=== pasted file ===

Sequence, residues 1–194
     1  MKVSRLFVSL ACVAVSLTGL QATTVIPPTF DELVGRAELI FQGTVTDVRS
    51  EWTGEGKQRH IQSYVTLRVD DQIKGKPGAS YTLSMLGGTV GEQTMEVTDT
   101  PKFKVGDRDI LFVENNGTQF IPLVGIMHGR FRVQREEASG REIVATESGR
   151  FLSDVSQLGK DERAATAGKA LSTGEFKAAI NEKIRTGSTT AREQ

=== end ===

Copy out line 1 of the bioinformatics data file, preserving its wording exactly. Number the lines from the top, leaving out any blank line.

Sequence, residues 1–194